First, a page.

DEIJ Update from the Presidents
Dear Campus Community:
We write with an update on our crucial diversity, equity, inclusion, and justice (DEIJ) work at CSB and SJU. Last month, we shared ambitious goals for spring semester. There is much to share as we build DEIJ infrastructure to support our Benedictine values of justice, hospitality, community living, and respect for persons.
We have named a DEIJ Coordinating Council and initially charged them to 1) conduct an audit of current DEIJ programs, services, and investments and 2) identify gaps that can be addressed through future DEIJ work.
Members of the DEIJ Coordinating Council include:
- Malik Stewart, Interim Director of Intercultural and International Student Services (chair)
- Fr. Timothy Backous, OSB, SJU Faculty Resident
- Belen Dominguez, CSB Student Senate Representative
- Dr. Corrie Grosse, Assistant Professor of Environmental Studies
- Wes Kirchner, SJU Student Senate Representative
- Dr. Amanda Macht Jantzer, Associate Professor of Psychology
- Margaret Nuzzolese Conway, Executive Director of SJU Campus Ministry
- Dr. Deborah Pembleton, Associate Professor of Global Business
- Heather Pieper-Olson, Associate Vice President for CSB Advancement
The principles behind DEIJ are an essential part of our Catholic and Benedictine values, most especially hospitality, and Catholic social teaching. We are asking the Council to think broadly, to bring ideas such as community, solidarity and human dignity to the fore.
The IISS team, under Malik Stewart’s leadership, is considering how the IISS office and its staff can be restructured for improved student programming and mentoring.
The IISS team is also evaluating, along with student groups, two possible sites for a multicultural center, with a target of opening a new multicultural space by fall 2021. Philanthropic support for this renovation project and additional scholarship and programming dollars are actively being sought at both CSB and SJU.
We have requested permission from the Mellon Foundation to extend the work of Becoming Community through the 2021-22 academic year and expect a positive response. The HEDS Diversity and Equity Campus Climate survey has been administered and we expect the results this summer, providing the campus community with crucial information on perceptions of our campus climate, perceptions of how CSB/SJU supports diversity and equity, and experiences with discrimination and harassment at CSB/SJU. External evaluator Libby Smith is also eliciting narratives from campus community members about their experience with Becoming Community. This work will be followed by a session contributing to the development of a summative narrative and next steps for CSB/SJU in the inclusion journey.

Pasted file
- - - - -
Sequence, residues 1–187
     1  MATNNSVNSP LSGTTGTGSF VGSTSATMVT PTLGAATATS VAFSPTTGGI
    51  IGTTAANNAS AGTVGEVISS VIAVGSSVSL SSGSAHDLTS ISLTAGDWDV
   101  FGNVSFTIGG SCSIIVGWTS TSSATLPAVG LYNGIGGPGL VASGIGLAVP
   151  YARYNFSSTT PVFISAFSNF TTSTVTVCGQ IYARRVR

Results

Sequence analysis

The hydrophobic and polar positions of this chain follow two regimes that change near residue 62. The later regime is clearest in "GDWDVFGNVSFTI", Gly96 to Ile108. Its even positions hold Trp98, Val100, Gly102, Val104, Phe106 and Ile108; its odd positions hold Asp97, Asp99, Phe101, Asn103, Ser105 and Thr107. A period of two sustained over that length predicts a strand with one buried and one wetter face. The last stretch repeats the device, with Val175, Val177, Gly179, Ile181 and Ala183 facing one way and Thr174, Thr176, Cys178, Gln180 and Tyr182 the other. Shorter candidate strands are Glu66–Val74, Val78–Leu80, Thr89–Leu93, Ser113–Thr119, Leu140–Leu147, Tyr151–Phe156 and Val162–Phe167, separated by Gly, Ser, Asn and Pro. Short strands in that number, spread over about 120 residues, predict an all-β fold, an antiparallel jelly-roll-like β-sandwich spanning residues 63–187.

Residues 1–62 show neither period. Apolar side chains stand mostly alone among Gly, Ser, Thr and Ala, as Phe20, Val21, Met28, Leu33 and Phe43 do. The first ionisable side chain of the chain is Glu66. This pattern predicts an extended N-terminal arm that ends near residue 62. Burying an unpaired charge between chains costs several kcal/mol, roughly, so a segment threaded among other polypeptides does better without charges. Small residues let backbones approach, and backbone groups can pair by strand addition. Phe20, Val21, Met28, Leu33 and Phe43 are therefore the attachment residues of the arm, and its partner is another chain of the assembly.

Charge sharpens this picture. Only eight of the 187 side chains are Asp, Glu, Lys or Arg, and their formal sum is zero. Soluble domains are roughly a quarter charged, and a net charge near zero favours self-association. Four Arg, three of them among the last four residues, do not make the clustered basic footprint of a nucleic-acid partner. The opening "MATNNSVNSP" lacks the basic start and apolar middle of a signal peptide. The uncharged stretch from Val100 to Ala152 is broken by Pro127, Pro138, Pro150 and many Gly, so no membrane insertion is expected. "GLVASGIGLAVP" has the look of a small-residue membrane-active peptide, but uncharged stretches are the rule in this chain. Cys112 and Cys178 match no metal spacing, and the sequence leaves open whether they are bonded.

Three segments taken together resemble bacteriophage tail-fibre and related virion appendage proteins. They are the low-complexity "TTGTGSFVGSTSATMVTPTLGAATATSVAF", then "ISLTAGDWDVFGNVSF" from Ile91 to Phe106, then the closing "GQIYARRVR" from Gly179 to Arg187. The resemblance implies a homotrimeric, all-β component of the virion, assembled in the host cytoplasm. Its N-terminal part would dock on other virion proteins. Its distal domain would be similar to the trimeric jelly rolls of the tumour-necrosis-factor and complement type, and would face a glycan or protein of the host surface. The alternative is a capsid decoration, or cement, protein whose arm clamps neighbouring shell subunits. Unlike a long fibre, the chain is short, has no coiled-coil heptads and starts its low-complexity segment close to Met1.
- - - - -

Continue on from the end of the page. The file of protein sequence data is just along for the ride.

Comments on the draft anti-racism statement have been received from the CSB and SJU Boards of Trustees and the Student Senates. We invite all members of the CSB/SJU community to share feedback on the draft statement before April 19. The statement will be redrafted to reflect campus input and distributed to the community once approved. Thank you to all who have and will comment on this important statement.
Strong and consistent collaboration between students and CSB/SJU Leadership Team members on the Student Senate’s Call to Action has resulted in many cooperative projects. An institutional database has been created to record our progress within each area of the Call to Action. Student Senators reported to committees of the Board of Trustees in February and will continue to monitor institutional progress. The Student Senates and many other groups across campus have collaborated to focus this semester’s Community Engagement Days to support DEIJ learning, engaging topics like xenophobia, tolerance, unconscious bias, indigenous food, authentic leadership and white fragility.
This is difficult and complicated work. We are propelled by words from the United States Conference of Catholic Bishops, in Open Wide Our Hearts: The Enduring Call to Love – A Pastoral Letter Against Racism:
Racism can only end if we contend with the policies and institutional barriers that perpetuate and preserve the inequality—economic and social—that we still see all around us. With renewed vigor, we call on the members of the Body of Christ to join others in advocating and promoting policies at all levels that will combat racism and its effects in our civic and social institutions. (p. 28)
As we wrote in February, our goal is to develop a DEIJ infrastructure that supports and reflects our values; includes and enhances ongoing DEIJ work across both campuses; collaborates on and centralizes crucial DEIJ programming and creates institutional accountability; and benefits from grant and philanthropic funding. We value your support and involvement as we pursue this goal, and we welcome your commitment to building a truly inclusive community that reflects our shared Benedictine values.
Laurie Hamen, J.D.
College of Saint Benedict
Eugene McAllister, Ph.D.
Saint John’s University